Whether it’s the in-laws coming or a special occasion or meeting the future son-in-law, cleaning house for company is guaranteed to send modern 21st century women into a tailspin of anxiety and depression.
It reminds me of those Internet memes….This is what I think I do, this is what my friends think I do, this is what… You get the picture. Maintaining a clean or even an orderly house with technology or help is definitely a challenge in the 21st century. And thanks to the feminist movement and its “enforcers” most women are left without help amidst the guilt of trying to be both homemaker and career woman.
So what’s a girl to do?
Several months back while search the Kindle book store I ran across a little book by Marie Kondo called The Life-Changing Magic of Tidying Up: The Japanese Art of Decluttering and Organizing.
It definitely is life changing. I’ve spent my entire life (half a century) under the burden and guilt of trying to maintain an orderly house when I’m NOT an orderly or organized person. Let’s face it…housework is mind-numbingly boring, not to mention backbreaking hard. It’s also mundane and repetitive, NOT the way I want to spend my days or weekends.
So imagine the sheer delight of finding a way to have my cake and eat it, too. This little book changes the way women think about cleaning and organizing, dismissing all the so-called “rules” as unworkable myths and moving on to give an easy, workable solution to the age old problem of juggling life and housework.
What ‘s also remarkable is the “extra” time I’ve found as I work through the process which has become noticeable to all my friends. Not how clean my house is, but how free the rest of my life is. Now they’re reading the book. My daughters-in-law and I enjoy (yes, I said enjoy) sharing with each other what we’ve done. Imagine showing off closets and drawers that have stayed neat for months with little or no effort!
I know…I would have laughed in your face if you’d told me this time last year I would be an “organized homemaker and proud of it.” But I am and if I can do it, so can you.
The best thing about this life style change? It’s super easy. Let me give you a small example.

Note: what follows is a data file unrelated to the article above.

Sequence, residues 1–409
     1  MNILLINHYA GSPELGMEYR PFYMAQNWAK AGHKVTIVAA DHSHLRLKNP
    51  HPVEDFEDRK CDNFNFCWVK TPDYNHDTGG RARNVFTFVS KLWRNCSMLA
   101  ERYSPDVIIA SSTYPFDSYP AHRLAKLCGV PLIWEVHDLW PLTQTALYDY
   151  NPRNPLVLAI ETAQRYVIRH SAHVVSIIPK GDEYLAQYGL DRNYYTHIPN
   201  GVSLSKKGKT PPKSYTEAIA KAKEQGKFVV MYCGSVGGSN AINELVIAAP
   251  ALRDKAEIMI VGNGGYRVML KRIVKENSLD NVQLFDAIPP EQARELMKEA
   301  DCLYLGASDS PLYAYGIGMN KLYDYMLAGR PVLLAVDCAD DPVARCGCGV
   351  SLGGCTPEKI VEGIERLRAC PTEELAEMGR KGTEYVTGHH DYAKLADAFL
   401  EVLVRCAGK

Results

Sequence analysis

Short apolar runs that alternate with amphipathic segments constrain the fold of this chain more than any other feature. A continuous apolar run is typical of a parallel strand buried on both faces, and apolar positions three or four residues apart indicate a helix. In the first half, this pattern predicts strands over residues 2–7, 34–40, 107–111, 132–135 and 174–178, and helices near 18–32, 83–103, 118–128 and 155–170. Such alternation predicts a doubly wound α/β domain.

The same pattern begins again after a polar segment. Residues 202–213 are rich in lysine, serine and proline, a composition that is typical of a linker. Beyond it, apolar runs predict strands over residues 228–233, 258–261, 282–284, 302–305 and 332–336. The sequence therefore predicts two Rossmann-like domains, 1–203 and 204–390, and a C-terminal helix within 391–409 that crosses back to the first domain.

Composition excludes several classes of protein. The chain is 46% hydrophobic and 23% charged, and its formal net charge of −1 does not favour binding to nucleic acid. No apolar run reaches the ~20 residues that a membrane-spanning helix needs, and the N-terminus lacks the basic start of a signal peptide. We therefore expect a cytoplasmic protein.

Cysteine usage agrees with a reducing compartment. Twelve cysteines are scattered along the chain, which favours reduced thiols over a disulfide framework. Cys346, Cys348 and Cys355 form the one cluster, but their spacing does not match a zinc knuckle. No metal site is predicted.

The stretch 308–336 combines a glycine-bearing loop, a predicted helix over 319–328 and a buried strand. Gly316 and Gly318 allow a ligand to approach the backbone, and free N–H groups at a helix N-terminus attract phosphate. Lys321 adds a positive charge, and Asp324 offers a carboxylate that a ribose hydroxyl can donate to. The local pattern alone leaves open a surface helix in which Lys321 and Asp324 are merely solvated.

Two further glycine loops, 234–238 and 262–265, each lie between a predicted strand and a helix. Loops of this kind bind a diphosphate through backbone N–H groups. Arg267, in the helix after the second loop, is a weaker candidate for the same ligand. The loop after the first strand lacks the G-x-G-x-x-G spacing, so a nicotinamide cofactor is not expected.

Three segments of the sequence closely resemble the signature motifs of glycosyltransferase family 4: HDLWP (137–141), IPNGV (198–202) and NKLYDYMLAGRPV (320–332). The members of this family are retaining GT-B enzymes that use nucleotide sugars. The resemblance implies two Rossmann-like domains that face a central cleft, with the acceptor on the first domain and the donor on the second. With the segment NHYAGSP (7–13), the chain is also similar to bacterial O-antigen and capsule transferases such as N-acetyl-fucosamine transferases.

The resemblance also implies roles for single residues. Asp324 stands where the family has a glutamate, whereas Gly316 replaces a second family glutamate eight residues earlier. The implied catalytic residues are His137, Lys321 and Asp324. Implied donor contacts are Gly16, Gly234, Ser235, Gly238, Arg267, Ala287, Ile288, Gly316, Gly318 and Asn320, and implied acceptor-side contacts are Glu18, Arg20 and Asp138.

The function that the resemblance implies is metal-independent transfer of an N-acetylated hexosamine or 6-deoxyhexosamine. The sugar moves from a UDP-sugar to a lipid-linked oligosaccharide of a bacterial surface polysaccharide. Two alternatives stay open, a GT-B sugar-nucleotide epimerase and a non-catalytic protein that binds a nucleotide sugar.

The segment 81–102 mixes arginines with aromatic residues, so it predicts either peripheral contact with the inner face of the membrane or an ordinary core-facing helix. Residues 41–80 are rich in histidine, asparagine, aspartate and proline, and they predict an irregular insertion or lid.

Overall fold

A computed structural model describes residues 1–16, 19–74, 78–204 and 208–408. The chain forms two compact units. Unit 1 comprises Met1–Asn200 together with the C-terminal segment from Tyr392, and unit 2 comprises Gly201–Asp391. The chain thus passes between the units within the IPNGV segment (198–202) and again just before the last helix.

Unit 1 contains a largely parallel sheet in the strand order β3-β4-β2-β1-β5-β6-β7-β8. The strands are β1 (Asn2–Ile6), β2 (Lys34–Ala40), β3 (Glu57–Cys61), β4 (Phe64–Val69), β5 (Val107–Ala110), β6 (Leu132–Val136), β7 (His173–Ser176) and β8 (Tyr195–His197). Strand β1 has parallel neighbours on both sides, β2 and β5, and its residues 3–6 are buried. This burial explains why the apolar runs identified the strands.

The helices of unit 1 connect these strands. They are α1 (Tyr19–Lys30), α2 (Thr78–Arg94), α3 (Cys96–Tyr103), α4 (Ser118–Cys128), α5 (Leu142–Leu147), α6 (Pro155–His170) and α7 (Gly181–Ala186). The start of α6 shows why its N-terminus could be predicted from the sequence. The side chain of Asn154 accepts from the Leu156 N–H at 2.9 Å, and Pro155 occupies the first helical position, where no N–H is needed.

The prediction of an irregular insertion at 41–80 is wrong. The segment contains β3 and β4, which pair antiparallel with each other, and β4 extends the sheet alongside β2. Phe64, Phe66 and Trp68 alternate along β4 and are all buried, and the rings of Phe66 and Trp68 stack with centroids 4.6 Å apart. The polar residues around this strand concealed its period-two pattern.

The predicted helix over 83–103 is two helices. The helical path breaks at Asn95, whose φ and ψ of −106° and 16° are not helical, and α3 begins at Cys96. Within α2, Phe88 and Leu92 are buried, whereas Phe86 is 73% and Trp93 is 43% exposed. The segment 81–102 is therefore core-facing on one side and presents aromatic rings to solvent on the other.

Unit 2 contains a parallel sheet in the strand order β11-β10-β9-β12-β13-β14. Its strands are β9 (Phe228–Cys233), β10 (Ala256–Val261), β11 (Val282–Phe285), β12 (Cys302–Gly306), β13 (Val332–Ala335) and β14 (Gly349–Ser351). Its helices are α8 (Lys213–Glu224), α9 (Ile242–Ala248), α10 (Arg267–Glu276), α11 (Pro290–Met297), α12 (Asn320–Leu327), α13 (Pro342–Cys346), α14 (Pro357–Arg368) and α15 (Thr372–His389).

We had company coming – the kind where you wish you could afford to hire a maid because you really want everything sparking—and I was in a panic trying to get everything cleaned while still teaching school during Homecoming week. Then I remembered: what is the purpose of my home? To be squeaky clean? No! The purpose of my home is a refuge, a place where people could relax and escape the pressures of the world.
Instantly, all the things I felt “needed” to be cleaned melted away, along with the stress and guilt. I focused on making the place a refuge, finished cleaning without becoming exhausted, and we had a wonderful weekend and no one noticed the baseboards or cobwebs. (smirk)
Poets have written reams about the way to a woman’s heart. Flowers, candle light dinners, chocolate, diamonds, romantic encounters, etc. Yet, these all pale in comparison to the true way to a woman’s heart: a self-cleaning house!
There is nothing more mind-numbingly boring than housework. Oh, I have friends that take pleasure and pride in keeping their homes spotless and beautiful; and while I like a clean house, the repetitive effort needed to keep it spotless seems pointless to me. While technology produces cutting edge products for the office and entertainment, no serious attention has been given to making housework easier. We have more efficient vacuum cleaners and mops, but one still has to stoop to do either chore; and bathrooms are the worst places to clean in the entire house.
Until now. I’ve fallen in love with the elegant design, the clean look: no dirty tanks to crack, no ugly pedestal with nooks and crannies to catch and hold filth. Ah, the sheer beauty of its multistage self-cleaning regimen that requires I do nothing! No abrasive, smelly cleaners. No ugly brushes, no ring around the collar!
Japan is the land of techno marvels light years ahead of the U.S. and in terms of making life easier for housewives they have outdone themselves with the Washlet, a series of self-cleaning toilets. With a unique sense of style and flair, the Japanese turn an uncomfortable aspect of human life into something pleasurable.
My question is this: Why is the U.S. so far behind in creating elegant, useful and affordable toilets that can clean themselves? We have the technology. We can rebuild them. And advertising would have customers lining up by the droves. Maybe there’s still a bit of chauvinism in the technology field. Maybe women are still enamored with having maids. Maybe Americans haven’t realized that housework is meant to be shared and what makes life easy, also makes life pleasurable.
Meanwhile, I’m saving my dollars and for my next anniversary I’m asking for an international order: my very own self-cleaning toilet!